Lake Information for Lake Anna
Monday88F / 59F
@ 14 mph
Tuesday80F / 56F
@ 7 mph
Wednesday83F / 57F
@ 3 mph
Thursday86F / 62F
@ 4 mph
Friday85F / 63F
@ 3 mph
Lake Anna is a 9,600-acre impoundment located in Louisa, Orange, and Spotsylvania counties, owned by the Dominion Power Company. The impoundment was completed in 1972 and serves as cooling water for the North Anna Nuclear Power Station. Initial stockings began in 1972, with introductions of largemouth bass, bluegill, redear sunfish, and channel catfish. Subsequent stockings of channel catfish, largemouth bass (northern and southern strains), redear, striped bass, and walleye were made to improve and diversify the fishery. Blueback herring and threadfin shad were successfully introduced in the 1980's to provide additional forage for pelagic (open-water) predators. Annual stockings of striped bass and walleye continue in order to maintain these fisheries (other species are self sustaining).
Lake Anna is a reasonable drive from both Northern Virginia and the Richmond area. Outdoorsmen can access Lake Anna at many private marinas, several campgrounds, and at Lake Anna State Park. Reservoir accessibility creates heavy use by both anglers and boaters, especially during summer months.
Largemouth bass, striped bass, and crappie are the main species of interest at Lake Anna. Opportunities also exist for anglers to catch bluegill, channel catfish, walleye, white perch, and yellow perch. This fishery is very diverse and offers something for every angler's taste.
Lake Anna is a top largemouth bass fishing destination for anglers residing in central and northern Virginia. This reservoir frequently is host to local and regional fishing tournaments, and for good reason; Anna consistently ranks in the top three statewide for numbers of citation largemouth bass. Intensive fishing pressure is the norm at Anna, but this reservoir maintains very high catch rates and good numbers of fish in the 4-6-pound range.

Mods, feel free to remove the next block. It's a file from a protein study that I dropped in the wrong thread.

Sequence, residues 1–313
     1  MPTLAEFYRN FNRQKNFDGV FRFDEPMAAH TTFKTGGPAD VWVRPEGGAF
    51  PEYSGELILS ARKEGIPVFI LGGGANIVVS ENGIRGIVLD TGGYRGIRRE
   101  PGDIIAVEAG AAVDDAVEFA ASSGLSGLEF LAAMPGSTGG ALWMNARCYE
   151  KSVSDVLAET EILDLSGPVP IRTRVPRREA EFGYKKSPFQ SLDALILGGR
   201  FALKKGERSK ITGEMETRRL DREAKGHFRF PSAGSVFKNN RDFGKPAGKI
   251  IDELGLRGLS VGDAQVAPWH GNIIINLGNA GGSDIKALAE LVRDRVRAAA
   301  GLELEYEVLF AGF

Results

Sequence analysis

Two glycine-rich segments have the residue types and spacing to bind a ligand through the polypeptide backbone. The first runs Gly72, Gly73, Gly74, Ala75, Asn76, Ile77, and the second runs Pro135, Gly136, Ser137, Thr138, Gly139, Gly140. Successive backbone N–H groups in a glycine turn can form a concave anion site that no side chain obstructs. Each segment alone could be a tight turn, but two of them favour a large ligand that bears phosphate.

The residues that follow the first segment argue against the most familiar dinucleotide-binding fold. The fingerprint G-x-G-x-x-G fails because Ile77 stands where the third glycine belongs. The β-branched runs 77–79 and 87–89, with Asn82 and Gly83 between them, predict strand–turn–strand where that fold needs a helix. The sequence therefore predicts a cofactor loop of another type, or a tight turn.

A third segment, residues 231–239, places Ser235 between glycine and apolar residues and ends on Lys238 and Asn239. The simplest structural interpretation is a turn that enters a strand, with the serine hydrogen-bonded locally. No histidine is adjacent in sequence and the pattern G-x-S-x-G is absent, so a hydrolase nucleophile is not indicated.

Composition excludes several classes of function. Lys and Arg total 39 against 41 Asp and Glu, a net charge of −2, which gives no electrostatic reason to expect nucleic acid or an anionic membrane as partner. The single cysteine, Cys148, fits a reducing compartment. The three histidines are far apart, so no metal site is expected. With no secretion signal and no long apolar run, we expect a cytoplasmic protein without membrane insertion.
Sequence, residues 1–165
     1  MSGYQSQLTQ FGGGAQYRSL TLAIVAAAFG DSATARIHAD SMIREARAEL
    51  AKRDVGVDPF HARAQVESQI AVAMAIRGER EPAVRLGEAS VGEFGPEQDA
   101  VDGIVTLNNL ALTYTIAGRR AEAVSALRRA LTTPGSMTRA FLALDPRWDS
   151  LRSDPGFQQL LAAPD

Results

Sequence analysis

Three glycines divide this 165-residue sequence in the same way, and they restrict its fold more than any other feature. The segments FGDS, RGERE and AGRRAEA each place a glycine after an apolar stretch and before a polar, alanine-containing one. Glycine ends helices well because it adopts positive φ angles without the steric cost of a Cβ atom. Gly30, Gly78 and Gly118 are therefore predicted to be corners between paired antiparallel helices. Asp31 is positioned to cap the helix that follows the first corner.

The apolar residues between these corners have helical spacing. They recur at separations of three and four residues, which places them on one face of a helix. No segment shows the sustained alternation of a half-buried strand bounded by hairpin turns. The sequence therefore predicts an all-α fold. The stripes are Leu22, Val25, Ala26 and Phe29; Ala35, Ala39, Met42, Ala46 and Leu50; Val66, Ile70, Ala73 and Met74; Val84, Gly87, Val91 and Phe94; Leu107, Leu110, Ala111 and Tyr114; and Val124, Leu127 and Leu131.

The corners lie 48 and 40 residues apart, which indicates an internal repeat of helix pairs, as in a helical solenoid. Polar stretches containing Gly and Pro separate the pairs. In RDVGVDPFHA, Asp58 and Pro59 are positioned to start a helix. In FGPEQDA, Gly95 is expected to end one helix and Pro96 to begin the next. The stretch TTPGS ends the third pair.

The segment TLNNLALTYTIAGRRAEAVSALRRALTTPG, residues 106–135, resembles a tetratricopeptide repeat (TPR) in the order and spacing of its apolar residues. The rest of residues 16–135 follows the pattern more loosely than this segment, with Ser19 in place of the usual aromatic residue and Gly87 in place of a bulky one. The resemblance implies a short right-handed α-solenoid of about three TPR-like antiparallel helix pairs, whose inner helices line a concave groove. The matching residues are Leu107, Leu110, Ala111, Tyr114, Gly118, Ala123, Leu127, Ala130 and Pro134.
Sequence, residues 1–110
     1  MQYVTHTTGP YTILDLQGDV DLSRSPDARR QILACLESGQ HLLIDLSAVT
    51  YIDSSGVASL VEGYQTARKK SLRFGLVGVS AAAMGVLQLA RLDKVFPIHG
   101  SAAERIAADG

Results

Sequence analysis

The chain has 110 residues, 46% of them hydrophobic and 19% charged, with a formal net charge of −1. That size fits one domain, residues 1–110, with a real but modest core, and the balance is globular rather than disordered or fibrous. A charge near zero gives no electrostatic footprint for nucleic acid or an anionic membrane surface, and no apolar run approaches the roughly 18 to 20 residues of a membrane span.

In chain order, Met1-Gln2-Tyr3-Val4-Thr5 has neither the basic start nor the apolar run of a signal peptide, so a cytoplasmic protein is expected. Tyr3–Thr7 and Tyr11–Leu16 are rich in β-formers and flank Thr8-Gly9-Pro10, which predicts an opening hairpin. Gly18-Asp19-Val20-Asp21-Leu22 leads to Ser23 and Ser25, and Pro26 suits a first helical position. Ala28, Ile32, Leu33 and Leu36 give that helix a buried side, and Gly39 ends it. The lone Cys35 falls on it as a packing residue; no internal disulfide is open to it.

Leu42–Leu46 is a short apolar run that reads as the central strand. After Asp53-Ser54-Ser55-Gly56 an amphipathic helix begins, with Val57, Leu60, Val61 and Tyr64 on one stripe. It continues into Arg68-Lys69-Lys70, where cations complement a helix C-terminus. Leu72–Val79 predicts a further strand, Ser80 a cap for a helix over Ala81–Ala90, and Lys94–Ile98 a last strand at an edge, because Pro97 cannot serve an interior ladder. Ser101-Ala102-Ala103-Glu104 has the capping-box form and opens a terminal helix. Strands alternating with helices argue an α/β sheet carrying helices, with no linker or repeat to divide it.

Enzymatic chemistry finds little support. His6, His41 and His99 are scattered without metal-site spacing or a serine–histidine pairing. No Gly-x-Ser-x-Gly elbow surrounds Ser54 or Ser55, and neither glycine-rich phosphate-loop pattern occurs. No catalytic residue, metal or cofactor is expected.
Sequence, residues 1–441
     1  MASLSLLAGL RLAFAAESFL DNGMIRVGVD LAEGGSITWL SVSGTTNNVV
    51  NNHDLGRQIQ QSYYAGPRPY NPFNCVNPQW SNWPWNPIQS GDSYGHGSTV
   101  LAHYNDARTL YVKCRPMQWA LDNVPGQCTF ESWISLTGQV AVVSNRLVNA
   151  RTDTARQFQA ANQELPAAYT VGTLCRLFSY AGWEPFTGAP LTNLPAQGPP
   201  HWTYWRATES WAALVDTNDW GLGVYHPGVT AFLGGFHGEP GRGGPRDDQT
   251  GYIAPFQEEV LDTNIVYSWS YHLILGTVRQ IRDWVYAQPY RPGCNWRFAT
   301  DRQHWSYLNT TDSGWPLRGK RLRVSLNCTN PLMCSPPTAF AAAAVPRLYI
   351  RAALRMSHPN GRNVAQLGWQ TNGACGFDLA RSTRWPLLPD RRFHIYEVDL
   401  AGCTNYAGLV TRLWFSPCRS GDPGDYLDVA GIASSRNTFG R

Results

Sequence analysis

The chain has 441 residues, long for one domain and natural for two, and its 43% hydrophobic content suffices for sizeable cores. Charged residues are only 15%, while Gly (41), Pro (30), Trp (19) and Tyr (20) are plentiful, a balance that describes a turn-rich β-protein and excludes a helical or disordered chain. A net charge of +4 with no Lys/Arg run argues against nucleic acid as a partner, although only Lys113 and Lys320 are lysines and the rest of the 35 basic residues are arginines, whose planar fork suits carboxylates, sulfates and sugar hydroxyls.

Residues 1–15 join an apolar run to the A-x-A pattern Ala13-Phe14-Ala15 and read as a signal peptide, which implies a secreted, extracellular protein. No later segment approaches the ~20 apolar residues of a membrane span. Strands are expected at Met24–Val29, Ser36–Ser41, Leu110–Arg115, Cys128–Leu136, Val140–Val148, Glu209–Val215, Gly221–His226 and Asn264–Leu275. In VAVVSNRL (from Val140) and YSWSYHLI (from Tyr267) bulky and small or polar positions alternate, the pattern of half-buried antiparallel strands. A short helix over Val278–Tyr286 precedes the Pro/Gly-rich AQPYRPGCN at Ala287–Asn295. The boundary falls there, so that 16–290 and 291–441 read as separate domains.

The striped bass population is maintained by annual stocking. Stripers grow well in Lake Anna, at least for the first few years, and quickly attain the legal size of 20 inches in about 30 months. However, growth of older fish slows due to the lack of good striped bass habitat (cool, well oxygenated water) during summer and early fall months. However, an excellent fishery has developed within the capacity of available habitat. A major winter fishery has developed when stripers can be observed feeding near the surface.
The size structure and growth of crappie in Lake Anna is good. Populations of crappie tend to be cyclical in nature - kind of a boom/bust situation.
A fair bluegill population is available at Lake Anna; however, it would not be a recommended lake for this species. Bluegill populations are usually suppressed in large reservoirs with complex fish communities such as Lake Anna. Fair numbers of bluegill are found in the 5-6 inch range, which provides anglers some opportunity to fish for this delightful panfish.
Channel catfish were first introduced into Lake Anna in 1972, and since that time a naturally reproducing population has developed. Netting data from 2005 suggest that the catfish populations in Lake Anna are now at greater levels than previously documented. Most catfish range from 14-20 inches and average 2-4 pounds.